The original magazines for the Government Model held seven rounds, while the Officers model held six rounds, so how do you get eight rounds in a seven round magazine? You chop the skirt of the follower. Generally I prefer the Tripp Research Cobra mags, Wilson 47D mags, or the newer version of Chip McCormick mags, I could probably do a whole other section on 1911 magazines, and probably will so I won’t go into detail, all I’m going to say in this piece is in most cases, you’re better off ditching the magazines that come with your thousand dollar shooter and spend about $100 on good magazines. Recently I’ve began using the Wilson Elite Tactical Magazines (ETM) and I’m happy with them.
Guide Rods and Spring Guides:
There are different types of guide rods, the original design which consisted of a short spring guide and plug is thought to be sufficient and the easiest to manipulate when it comes to field stripping the gun. Full Length Guide Rods (FLGR) come in different varieties, mainly one and two piece rods. The two piece rods require a tool to take the rod apart during field stripping while the one piece rods should be short enough to manipulate the barrel bushing (if applicable), the two piece rods have a tendency to come apart at inopportune times such as when shooting and the once piece rods can be kind of a pain sometimes during maintenance. There are also specialized recoil reducing assemblies on the market which will not be addressed in this text. Bushing-less guns generally have one piece rods that require even more tools (commonly just a piece of stiff wire such as a straightened paper clip) to remove the spring assembly from the gun.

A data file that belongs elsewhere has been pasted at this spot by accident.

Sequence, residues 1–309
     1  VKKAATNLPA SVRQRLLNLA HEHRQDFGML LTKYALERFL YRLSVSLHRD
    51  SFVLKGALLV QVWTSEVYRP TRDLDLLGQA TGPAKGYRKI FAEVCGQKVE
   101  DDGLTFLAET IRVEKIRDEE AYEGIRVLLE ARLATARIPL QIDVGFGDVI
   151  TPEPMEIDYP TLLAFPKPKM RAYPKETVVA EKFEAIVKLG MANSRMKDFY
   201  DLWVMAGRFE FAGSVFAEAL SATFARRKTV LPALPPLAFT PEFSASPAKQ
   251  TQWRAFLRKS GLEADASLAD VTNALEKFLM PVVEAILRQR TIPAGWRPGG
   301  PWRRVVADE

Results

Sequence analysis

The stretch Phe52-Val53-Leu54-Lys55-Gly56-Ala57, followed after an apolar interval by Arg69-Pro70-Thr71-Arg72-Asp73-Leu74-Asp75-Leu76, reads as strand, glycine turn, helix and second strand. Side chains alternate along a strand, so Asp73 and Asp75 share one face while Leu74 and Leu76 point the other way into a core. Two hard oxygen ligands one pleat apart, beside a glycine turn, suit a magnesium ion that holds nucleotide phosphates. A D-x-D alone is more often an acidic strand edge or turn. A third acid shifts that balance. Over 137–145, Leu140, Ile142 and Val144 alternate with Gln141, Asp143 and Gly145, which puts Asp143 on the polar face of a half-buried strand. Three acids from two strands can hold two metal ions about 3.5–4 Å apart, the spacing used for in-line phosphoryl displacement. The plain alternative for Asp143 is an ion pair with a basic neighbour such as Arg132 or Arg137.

There are proponents and detractors of each type of rod, it is thought that a FLGR will prevent “spring bind” and improve accuracy. I will offer the following: Most of the match grade bullseye 1911s that I’ve seen win competitions both in the past and currently usually have a GI style plug and guide. Your Colt National Match pistols which are a gun of choice for accuracy competitions as well as the Les Baer PPC and National Match guns have a GI Style plug. The models I’ve had that came with a one or two piece rod usually end up with a GI Style plug and rod and I’ve never had an issue with a recoil spring not working properly. As with most things, it’s a matter of preference.